When deciding a motion for summary judgment, a court must view the record in the light most favorable to the nonmoving party and must resolve all doubts concerning the existence of a genuine issue of material fact against the moving party. Hayward v. Medical Center of Beaver County, 530 Pa. 320, 608 A.2d 1040 (1992) (citing Pa.R.C.P. No. 1035). *fn4 Summary judgment is appropriate only in those cases where the right is clear and free from doubt. Id.
In 1988, the General Assembly enacted HSCA based, in part, on a finding that hazardous substances released into the environment pose a substantial threat to the health and welfare of the residents of the Commonwealth. 35 P.S. § 6020.102(2). The General Assembly decided that traditional legal remedies were not adequate to prevent the release of hazardous substances into the environment. 35 P.S. § 6020.102(5). It found that "extraordinary enforcement remedies and procedures are necessary and appropriate to encourage responsible persons to clean up hazardous sites and to deter persons in possession of hazardous substances from careless or haphazard management." 35 P.S. § 6020.102(9). Therefore, it created HSCA, which is an "independent site cleanup program" designed to "promptly and comprehensively address the problem of hazardous substance releases in this Commonwealth, whether or not these sites qualify for cleanup under ." 35 P.S. 6020.102(8).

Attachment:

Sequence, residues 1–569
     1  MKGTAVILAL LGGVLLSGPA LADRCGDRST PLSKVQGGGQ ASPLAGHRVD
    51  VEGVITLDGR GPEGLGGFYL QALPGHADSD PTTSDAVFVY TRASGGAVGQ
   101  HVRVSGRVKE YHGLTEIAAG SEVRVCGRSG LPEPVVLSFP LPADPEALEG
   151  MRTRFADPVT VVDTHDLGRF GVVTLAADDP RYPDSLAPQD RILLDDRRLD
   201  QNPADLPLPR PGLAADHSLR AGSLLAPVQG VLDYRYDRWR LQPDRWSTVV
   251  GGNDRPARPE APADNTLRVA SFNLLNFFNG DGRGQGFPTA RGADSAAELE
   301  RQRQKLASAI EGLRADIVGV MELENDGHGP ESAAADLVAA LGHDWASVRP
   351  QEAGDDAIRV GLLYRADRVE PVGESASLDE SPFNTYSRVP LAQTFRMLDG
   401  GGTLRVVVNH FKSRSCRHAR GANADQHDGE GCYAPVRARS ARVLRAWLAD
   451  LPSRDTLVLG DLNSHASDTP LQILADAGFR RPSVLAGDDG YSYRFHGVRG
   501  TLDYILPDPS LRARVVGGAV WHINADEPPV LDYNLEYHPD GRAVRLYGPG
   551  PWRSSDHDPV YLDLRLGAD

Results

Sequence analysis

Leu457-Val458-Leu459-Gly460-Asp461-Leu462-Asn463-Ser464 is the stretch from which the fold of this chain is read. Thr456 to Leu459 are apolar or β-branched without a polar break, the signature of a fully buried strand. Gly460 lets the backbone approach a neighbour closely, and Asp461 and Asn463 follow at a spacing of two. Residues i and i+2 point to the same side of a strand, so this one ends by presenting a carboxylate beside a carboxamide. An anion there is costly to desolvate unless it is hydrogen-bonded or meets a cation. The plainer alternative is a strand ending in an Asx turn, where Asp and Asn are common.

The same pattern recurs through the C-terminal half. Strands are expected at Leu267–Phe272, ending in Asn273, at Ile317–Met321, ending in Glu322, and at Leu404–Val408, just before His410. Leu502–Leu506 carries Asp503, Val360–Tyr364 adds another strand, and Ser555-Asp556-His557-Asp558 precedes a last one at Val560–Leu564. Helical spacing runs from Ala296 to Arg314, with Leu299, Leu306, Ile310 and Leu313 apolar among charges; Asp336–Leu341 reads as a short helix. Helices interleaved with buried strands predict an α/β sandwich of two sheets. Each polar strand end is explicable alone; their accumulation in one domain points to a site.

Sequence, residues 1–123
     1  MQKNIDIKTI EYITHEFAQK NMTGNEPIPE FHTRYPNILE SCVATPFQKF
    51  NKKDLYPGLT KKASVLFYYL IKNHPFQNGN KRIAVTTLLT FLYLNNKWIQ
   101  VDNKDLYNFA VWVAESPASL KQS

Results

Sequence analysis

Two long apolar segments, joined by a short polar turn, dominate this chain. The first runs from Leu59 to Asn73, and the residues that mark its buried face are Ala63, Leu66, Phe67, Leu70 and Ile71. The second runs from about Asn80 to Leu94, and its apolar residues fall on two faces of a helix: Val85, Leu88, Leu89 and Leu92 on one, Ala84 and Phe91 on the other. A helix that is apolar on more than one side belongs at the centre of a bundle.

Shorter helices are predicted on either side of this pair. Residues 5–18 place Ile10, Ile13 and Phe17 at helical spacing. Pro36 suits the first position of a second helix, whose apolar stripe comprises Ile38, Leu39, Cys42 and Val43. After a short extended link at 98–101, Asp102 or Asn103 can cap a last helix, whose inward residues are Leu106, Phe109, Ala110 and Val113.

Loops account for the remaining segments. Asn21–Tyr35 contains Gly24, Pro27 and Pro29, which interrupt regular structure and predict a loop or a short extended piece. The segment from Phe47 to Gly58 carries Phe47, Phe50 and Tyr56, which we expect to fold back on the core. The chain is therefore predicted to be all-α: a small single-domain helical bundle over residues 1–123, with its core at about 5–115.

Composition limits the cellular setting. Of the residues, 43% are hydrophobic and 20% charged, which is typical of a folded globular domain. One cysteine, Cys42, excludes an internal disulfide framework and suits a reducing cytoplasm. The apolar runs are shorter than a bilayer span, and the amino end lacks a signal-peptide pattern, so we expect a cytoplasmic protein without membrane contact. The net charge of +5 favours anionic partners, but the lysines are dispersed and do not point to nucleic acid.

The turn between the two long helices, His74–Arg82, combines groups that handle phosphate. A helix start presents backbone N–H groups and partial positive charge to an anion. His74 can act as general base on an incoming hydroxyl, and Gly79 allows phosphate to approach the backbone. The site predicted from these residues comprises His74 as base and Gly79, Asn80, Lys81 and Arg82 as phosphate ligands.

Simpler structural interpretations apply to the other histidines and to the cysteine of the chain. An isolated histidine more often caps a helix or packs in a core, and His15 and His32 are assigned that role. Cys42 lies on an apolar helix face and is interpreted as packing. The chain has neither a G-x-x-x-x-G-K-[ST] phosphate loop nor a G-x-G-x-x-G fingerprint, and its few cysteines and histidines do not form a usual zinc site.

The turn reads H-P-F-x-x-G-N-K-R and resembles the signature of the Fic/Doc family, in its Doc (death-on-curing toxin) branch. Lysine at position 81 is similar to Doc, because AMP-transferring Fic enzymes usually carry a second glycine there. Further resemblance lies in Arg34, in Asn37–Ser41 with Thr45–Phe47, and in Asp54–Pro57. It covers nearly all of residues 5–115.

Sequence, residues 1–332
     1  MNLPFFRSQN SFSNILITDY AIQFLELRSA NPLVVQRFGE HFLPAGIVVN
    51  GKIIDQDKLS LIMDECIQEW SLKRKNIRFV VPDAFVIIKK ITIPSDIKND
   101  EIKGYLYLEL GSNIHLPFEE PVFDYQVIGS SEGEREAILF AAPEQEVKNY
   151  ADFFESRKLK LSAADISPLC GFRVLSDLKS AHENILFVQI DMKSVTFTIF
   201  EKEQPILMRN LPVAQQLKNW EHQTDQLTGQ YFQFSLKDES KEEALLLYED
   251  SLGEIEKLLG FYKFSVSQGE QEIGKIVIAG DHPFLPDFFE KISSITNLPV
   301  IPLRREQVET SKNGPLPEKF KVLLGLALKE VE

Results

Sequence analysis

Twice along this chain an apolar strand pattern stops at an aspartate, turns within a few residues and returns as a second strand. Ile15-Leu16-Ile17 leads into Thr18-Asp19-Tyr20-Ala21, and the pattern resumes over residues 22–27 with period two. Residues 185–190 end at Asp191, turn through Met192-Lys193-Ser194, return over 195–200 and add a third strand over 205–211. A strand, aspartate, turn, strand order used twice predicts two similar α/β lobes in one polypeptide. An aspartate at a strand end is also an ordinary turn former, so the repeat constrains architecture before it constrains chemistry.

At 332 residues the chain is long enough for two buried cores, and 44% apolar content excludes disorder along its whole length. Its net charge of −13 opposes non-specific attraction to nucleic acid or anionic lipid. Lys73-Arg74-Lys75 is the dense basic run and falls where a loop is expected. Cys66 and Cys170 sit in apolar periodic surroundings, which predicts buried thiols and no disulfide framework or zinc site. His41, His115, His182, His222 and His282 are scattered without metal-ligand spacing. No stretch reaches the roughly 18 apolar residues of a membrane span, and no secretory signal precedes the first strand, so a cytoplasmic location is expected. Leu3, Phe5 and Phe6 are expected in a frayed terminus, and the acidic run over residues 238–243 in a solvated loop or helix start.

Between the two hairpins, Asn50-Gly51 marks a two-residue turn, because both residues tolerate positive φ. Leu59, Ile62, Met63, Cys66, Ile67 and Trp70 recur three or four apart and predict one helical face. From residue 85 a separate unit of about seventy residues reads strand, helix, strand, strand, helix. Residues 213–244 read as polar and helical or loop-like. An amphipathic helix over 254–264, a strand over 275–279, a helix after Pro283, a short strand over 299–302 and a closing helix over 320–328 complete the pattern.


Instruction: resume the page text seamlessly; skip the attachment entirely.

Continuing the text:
HSCA makes it unlawful to "cause or allow a release of a hazardous substance." *fn5 35 P.S. § 6020.1108(1). Private citizens injured or threatened with injury from the release of a hazardous substance may bring suit under the citizen suit provision of HSCA, which states:
§ 6020.1115. Citizen suits
(a) General rule.-A person who has experienced or is threatened with personal injury or property damage as a result of a release of a hazardous substance may file a civil action against any person to prevent or abate a violation of this act or of any order, regulation, standard or approval issued under this act.
(b) Jurisdiction.-The courts of common pleas shall have jurisdiction over any actions authorized under this section. . . . The court may grant any equitable relief; may impose a civil penalty under section 1104; and may award litigation costs, including reasonable attorney and witness fees, to the prevailing or ...